I think Visual Studio’s static analysis warning for checking parameters for null before they are used is generally a good idea, but the code to check the parameters can get really tedious.
When is white not white? When one is Color.White and the other is Color.FromArgb(0xff, 0xff, 0xff, 0xff).
Easy control transparency isn’t exactly a hallmark of Windows Forms. If you have a form with a background image or a gradient, the stock controls paint with a solid background to give a criminally egregious aesthetic.
There are lots of examples that demonstrate how to draw a rectangle with rounded corners using GDI+ in .NET. Converting such a rectangle to a Region so that it can be filled or be used for the geometry of a window can have less than perfect results, though.
For those of us poor folk who didn’t make it to PDC this past fall, Microsoft has been taking the show to us in the form of its MSDN Unleashed series. Rob Bagby, developer evangelist, came to Salt Lake City to present and give updates about new and upcoming technologies for developers.
As I mentioned the other day, I’m reading Jeffrey Richter’s book CLR via C# right now. I was kind of surprised to read this statement by the author: “If I had been involved in the design of the .NET Framework and compilers, I would not have offered properties at all…” (p. 218) Continue reading
When running a .NET application for the first time after rebooting or hibernating the computer, you might find that it takes a long time to start up. I’ve been trying to address this problem in a few situations recently. In spite of having read several articles on the subject, I wasn’t having much success. Following some of the advice gave no noticeable improvement, and some (like using NGEN) actually slowed down startup. But I had some success recently, so I thought I’d explain how.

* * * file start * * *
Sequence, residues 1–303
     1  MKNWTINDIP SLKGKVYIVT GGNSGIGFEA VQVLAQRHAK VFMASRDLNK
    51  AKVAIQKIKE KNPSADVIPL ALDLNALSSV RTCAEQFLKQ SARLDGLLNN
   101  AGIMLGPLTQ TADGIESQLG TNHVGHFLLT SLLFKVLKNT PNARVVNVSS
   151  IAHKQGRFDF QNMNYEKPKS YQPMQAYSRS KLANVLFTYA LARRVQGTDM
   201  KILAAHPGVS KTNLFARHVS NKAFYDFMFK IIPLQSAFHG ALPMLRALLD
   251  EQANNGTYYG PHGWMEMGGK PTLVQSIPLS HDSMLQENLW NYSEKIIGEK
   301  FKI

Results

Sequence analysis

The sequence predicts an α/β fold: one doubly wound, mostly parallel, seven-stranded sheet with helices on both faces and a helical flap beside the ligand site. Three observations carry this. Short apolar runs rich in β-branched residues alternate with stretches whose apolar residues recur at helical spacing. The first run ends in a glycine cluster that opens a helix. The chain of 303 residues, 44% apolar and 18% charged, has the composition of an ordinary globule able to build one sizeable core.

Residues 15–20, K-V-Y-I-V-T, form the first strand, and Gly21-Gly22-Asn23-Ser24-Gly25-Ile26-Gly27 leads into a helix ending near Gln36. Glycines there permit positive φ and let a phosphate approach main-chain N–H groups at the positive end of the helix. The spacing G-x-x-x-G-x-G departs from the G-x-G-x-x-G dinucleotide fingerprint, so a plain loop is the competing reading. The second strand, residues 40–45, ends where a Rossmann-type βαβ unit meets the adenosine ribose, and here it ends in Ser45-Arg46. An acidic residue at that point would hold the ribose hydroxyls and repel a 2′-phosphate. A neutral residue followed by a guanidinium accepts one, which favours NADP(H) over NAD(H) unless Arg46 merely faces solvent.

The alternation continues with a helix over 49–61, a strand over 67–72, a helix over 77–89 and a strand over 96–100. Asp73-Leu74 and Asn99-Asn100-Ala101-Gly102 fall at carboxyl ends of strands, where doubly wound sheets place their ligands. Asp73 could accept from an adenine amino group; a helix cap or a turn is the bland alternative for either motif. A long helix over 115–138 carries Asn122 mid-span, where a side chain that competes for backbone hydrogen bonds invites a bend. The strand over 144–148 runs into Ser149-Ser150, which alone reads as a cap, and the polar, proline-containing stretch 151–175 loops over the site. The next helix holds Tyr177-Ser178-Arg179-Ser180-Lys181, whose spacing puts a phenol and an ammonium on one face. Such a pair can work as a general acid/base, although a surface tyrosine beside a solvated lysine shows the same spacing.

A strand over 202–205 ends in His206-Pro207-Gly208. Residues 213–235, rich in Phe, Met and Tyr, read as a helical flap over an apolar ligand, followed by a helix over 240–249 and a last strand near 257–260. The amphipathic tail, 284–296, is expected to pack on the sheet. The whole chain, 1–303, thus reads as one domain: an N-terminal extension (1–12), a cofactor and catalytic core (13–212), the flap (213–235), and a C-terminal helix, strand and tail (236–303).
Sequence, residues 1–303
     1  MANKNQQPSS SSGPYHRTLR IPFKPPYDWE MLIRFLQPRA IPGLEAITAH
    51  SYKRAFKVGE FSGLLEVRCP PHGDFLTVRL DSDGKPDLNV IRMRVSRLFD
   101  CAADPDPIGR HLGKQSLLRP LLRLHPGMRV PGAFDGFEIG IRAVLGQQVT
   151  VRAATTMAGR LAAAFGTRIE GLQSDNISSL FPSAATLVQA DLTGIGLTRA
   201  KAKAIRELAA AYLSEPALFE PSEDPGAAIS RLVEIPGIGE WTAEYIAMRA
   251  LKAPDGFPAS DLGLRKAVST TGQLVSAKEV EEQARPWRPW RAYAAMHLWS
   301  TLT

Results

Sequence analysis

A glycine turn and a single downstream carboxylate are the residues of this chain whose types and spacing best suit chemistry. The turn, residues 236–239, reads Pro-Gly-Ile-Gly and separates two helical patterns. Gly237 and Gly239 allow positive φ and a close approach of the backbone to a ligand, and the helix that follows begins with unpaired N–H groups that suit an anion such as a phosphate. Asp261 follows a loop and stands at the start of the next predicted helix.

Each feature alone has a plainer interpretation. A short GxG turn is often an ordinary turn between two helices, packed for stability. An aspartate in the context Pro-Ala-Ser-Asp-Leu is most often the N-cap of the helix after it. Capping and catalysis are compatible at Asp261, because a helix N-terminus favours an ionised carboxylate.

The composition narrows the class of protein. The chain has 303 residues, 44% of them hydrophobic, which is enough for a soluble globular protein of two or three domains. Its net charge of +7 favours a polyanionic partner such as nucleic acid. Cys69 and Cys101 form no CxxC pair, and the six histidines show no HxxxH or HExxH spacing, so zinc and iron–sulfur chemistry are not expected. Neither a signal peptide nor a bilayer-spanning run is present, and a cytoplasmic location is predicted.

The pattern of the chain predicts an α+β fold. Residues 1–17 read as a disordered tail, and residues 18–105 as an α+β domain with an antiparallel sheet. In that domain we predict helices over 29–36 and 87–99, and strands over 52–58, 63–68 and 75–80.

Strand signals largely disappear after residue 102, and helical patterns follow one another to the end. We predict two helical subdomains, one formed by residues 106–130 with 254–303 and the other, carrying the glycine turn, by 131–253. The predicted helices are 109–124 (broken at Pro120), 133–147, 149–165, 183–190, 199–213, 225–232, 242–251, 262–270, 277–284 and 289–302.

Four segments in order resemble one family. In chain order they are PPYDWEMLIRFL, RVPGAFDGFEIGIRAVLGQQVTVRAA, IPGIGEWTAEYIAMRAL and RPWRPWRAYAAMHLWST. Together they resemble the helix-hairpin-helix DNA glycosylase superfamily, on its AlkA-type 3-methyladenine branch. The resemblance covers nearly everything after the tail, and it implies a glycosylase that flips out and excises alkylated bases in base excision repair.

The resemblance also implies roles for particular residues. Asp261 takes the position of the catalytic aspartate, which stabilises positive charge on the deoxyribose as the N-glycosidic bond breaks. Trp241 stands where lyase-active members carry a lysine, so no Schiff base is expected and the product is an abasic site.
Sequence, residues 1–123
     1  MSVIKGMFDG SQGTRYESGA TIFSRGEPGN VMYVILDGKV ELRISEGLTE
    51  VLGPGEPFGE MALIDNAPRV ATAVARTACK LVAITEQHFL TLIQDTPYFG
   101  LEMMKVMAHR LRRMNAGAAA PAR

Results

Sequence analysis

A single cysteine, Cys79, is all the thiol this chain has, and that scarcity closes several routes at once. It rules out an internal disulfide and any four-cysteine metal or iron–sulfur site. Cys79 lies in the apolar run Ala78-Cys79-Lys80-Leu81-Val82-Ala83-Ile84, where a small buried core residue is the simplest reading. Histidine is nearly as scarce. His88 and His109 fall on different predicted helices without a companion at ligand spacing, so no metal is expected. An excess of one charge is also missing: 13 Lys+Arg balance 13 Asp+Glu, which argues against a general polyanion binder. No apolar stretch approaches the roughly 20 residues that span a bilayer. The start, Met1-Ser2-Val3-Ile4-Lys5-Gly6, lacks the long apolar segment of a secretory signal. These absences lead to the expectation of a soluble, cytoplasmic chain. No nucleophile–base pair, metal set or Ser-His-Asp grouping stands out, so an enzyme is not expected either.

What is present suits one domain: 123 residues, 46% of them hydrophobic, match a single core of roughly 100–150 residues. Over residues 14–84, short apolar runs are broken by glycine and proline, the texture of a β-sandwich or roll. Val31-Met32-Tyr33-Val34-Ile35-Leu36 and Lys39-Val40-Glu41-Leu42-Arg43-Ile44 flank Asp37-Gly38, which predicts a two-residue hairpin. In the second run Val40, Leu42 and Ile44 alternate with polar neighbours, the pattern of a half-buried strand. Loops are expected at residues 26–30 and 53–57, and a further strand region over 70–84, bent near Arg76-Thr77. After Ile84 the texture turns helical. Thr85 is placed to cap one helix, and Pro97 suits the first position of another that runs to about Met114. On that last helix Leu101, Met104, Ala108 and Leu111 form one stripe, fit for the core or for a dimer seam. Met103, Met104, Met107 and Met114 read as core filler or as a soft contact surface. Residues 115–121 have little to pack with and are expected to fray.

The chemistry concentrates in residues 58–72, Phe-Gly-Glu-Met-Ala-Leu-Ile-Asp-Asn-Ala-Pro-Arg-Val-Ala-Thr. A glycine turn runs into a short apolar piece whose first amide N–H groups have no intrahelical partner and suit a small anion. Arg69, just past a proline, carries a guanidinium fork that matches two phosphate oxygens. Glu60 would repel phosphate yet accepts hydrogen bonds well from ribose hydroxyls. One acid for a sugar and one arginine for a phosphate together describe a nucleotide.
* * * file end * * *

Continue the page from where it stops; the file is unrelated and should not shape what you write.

Sometimes you want the window handle of the host application when you’re writing an Office add-in. Excel includes that as a property of the Application object in newer versions of the object model, but Word and PowerPoint don’t. I seem to remember some sample code from Microsoft that suggests using FindWindow to get the handle, but that always seems problematic:
- You can search by class name (e.g. “OpusApp” for Word), but what if you somehow have multiple Word processes running? Which window do you get?
- You can search by window text, but it can be really hard to figure out what the window text is.
- You can set the Caption property on the Application object to some magic text and search for a window with the magic text, but Word throws all kinds of other stuff into the caption so this generally doesn’t work reliably.
Instead, if you’re using managed code, you can just do this:
IntPtr hwnd = Process.GetCurrentProcess().MainWindowHandle;
Underneath this uses
GetWindowThreadProcessId to find the right window.